Wolfram founder Stephen Wolfram shares the background and vision of Mathematica, including the personal story of how it came to be and why it's in the right place to make profoundly powerful new things possible.
A whirlwind tour of Mathematica, showing how decades of research in computation, language, and development, together with well-thought-out design principles and solid software engineering, have guided us in creating a modern computing platform. Key features, including dynamic interactivity, natural language input, numerical/symbolic computation, as well as applications in image processing, control systems, GPU computation, and many more, will be explored.
With Mathematica, you really can build a useful interactive app in 60 seconds and start exploring your ideas sooner rather than later. Starting with the 60-second app, this course covers the ins and outs of Manipulate, Mathematica's star function for building interactive interfaces. You'll learn techniques for attaching controls to your ideas, making interfaces usable and beautiful, and how to interactively explore everything from text and math to graphics and sound.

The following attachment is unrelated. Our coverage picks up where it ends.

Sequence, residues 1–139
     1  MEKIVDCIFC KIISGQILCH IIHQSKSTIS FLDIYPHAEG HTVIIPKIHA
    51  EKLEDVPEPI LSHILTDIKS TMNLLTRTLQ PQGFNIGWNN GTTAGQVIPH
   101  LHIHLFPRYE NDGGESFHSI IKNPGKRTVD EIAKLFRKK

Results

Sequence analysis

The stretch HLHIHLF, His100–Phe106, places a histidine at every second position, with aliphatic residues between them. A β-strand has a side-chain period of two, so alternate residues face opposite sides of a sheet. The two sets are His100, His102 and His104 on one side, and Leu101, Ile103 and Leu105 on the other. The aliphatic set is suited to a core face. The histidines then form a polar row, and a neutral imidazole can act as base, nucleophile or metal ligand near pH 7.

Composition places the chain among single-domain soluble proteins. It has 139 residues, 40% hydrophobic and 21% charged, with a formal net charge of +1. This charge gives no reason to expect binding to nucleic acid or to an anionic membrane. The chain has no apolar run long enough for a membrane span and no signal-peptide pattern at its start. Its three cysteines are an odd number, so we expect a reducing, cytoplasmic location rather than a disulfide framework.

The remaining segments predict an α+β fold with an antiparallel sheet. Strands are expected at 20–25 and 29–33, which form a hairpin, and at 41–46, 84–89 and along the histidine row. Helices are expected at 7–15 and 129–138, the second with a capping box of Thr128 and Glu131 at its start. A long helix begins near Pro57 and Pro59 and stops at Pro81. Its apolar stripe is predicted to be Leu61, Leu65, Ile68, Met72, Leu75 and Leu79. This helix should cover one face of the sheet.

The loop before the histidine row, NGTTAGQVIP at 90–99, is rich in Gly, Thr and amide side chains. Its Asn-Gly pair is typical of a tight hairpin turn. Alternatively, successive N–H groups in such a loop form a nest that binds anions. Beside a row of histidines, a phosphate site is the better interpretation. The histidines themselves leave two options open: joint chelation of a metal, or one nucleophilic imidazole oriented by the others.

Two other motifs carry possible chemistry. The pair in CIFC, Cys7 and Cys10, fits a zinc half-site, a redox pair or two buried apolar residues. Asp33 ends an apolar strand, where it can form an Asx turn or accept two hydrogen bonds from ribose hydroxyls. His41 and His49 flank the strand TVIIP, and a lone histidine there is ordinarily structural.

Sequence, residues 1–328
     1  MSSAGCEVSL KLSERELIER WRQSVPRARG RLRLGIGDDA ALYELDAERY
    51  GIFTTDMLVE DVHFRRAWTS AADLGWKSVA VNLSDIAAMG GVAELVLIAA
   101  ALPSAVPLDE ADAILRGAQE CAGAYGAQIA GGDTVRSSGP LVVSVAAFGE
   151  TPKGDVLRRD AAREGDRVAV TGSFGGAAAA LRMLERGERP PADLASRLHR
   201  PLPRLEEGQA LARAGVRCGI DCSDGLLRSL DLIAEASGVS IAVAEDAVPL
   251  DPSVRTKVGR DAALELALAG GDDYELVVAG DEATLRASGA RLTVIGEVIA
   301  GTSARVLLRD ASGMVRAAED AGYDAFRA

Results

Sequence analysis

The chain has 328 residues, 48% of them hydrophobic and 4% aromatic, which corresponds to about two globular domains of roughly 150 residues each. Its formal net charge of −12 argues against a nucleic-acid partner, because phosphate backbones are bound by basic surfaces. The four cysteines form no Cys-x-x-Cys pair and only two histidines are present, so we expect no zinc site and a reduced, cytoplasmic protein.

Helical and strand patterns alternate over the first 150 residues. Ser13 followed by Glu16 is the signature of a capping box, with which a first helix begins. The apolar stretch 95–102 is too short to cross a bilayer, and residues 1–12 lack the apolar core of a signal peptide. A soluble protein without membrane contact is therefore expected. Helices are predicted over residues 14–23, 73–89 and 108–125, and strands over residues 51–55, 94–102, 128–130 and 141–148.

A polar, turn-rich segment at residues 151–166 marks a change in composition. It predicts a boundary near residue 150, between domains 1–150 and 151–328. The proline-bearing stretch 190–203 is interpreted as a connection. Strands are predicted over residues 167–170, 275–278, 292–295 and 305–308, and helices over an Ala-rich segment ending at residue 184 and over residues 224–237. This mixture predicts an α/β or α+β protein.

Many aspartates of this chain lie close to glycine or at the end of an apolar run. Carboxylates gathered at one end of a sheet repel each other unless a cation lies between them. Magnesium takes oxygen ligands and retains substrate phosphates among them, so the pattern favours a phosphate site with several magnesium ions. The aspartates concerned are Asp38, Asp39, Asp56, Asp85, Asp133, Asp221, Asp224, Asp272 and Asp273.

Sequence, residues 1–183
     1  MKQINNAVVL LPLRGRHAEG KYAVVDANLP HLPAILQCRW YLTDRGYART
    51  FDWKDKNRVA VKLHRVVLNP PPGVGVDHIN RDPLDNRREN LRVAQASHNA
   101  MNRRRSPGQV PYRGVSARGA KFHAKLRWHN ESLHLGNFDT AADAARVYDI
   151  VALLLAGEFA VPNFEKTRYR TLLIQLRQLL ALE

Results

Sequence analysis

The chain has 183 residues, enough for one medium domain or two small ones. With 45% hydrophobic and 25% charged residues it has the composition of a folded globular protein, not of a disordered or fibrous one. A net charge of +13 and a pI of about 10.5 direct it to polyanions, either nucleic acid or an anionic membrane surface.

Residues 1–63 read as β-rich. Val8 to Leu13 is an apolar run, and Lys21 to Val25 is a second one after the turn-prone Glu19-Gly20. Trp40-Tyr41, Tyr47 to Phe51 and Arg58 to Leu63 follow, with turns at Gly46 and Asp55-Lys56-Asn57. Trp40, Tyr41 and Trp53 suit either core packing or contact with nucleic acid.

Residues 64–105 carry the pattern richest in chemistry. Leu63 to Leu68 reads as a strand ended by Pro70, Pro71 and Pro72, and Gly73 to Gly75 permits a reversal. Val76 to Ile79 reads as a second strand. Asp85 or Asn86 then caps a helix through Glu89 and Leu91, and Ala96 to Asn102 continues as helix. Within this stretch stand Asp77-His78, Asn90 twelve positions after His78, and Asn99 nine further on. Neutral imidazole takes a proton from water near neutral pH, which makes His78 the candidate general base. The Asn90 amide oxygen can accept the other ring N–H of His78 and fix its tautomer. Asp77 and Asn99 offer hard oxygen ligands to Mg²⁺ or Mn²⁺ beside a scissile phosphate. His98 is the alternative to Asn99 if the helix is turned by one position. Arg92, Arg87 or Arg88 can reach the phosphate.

Mathematica provides an incredibly flexible and powerful graphics language for general use as well as highly sophisticated visualization. This presentation presents a walk-through of the Mathematica 3D graphics system and underlying language. Topics include lighting control, camera setup, and advanced topics such as texture and geometric transformations. The latter part of the presentation is dedicated to hints and pro tips to make your graphics interactive, dynamic, and more efficient.
Unlike many systems, Mathematica can take advantage of symbolic computation and exact numbers when solving numerical problems. Besides getting the right answer in many cases where purely approximate methods fail, this opens up a world of powerful "hybrid symbolic-numeric" methods. In this presentation you'll get a look under the hood at some of the ways Mathematica's numerics benefit from its symbolics.
Mathematica's import/export functionality makes it easy to work with your data and files. This presentation uses application-driven examples from a variety of areas, such as computational biology, chemistry, geospatial information systems, and more, to show how straightforward it is to get data into and out of Mathematica.